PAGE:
Strange clothing names

Some of our words are adopted from items of clothing, like jeans. They are often called Levis because a San Francisco tailor, Levi Strauss, made tough, durable trousers out of denim cloth with copper rivets to strengthen the pockets. His Levis held up under the grueling work of prospectors in the Gold Rush.

Leotards: These figure hugging one piece garments, used by acrobats and gymnasts, were designed by French acrobat Jules Leotard. He invented the flying trapeze and mid-air somersault. Jules was immortalized by the song, "The Daring Young Man On The Flying Trapeze."

Corset: Catherine de Medici was the wife of King Henry II of France. She dominated her husband's court during the 1550's. She was irritated when so many of the ladies were getting fat, and banned all women who had large waists. Rather than accept ostracism, the ladies invented corsets, a tightly laced garment that squeezed their waist into a fashionably narrow size. The first corsets were stiffened with whalebone but later steel stays were used. These corsets were so restrictive that a new illness called "The Vapors" developed. Ladies fainted due to the tightness of their corsets.

Bras or Brassiere: Up until 1913, the standard undergarment for ladies was the corset. New York socialite Mary Phelps Jacob wanted to wear her new, low cut evening gown but did not want her corset to show. Using two silk handkerchiefs and some ribbon, Ms. Jacob created a new breast support. It was so successful she patented her invention as a brassiere, the French word for upper arm. In 1928, Ida Rosenthal improved her design by devising the system of cup sizes for bras.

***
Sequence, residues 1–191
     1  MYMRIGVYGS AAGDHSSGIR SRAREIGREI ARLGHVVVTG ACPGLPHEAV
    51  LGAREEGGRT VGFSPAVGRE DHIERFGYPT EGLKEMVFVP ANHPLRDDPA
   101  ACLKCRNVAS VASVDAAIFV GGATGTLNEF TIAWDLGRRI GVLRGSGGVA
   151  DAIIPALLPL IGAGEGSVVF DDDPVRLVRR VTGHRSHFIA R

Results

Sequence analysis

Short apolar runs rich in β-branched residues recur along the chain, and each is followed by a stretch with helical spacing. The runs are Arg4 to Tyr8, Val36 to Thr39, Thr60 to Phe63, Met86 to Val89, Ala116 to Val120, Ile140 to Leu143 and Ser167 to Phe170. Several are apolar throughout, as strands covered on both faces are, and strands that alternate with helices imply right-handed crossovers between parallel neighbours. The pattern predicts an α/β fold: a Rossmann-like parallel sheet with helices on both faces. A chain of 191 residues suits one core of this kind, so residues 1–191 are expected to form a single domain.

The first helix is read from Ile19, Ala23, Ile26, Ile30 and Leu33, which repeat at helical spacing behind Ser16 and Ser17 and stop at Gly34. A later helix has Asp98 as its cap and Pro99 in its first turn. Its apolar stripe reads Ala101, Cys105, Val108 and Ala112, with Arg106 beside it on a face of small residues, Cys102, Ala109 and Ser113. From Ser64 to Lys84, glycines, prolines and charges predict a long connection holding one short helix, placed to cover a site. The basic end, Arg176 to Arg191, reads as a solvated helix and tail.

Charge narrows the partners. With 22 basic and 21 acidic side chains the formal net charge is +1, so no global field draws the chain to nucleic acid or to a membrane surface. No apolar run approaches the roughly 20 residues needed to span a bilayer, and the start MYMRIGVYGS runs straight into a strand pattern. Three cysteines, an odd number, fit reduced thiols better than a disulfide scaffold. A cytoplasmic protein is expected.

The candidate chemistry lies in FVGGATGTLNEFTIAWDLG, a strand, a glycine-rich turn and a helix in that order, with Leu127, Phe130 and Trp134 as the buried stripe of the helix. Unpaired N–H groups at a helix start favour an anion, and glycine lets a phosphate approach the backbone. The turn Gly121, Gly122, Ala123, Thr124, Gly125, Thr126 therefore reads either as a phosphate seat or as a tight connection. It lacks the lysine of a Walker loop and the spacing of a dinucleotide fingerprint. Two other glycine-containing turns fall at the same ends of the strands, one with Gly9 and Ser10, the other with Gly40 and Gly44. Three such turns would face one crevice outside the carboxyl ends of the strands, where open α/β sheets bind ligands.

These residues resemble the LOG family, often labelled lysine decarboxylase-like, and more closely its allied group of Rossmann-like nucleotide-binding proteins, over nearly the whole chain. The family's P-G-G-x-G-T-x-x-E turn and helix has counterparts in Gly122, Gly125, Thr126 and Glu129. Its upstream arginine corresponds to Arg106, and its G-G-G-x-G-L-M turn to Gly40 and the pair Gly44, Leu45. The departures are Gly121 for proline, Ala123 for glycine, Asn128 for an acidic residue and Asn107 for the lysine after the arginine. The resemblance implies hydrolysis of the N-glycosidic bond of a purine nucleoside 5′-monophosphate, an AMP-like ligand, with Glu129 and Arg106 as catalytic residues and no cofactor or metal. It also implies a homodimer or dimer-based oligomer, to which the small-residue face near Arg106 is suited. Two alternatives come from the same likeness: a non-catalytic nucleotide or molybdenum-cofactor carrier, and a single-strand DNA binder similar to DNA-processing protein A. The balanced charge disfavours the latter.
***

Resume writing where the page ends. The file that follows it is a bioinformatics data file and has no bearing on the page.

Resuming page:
Stetson hats: In 1865 James B. Stetson invented the cowboy hat that bears his name. It was a closely woven hat with no holes for ventilation. Stetson noted that cowboys had to carry water to make coffee and his hat was a convenient water bucket. They held about half a gallon but " a ten gallon hat" was the nickname for larger Stetsons.

Bowler or Derby hats: In London, they are bowlers. These hats were designed and manufactured by Thomas and William Bowler. Their first big sale was to William Coke, in December 1849. Coke took the hat, stomped on it, then reshaped it. Since the bowler retained its shape he placed a large order. In the United States it is a derby. The Earl of Derby wore one to the race which bears his name. In America bowlers were advertised as "hats like the English wear to the Derby, " and the name caught on.

Sombrero: This broad brimmed hat has a descriptive name. When you attend a bullfight in Mexico you have a choice: "Sombra y Sol ( Shade and Sun )" The shaded seats are more expensive. The root for sombrero is "sombra." It allows the Mexican worker to carry some shade with him as he toils in the field.

Tuxedo: These formal dinner jackets were named after a country club in New York, where they were introduced.

Denim: This is a strong, tightly woven cloth used for working clothes. It came from Nimes, France and was originally "serge de Nimes." We shortened this to denim.

My friend, Arminta Braasch, loves to create new dishes then dream up clever names for them. Here is her recipe for a dessert she called Melon-Cholia.


1 cantaloupe, peeled and sliced into 8 sections

2 peaches, peeled and cubed

1 cup honeydew cubes

1 cup halved and seeded Tokay grapes

1/2 cup chilled ginger ale

PREPARATION: Pour ginger ale over all except cantaloupe. Chill for an hour. Arrange two pieces cantaloupe to make a boat, fill with fruit and serve with a dollop of whipped cream.

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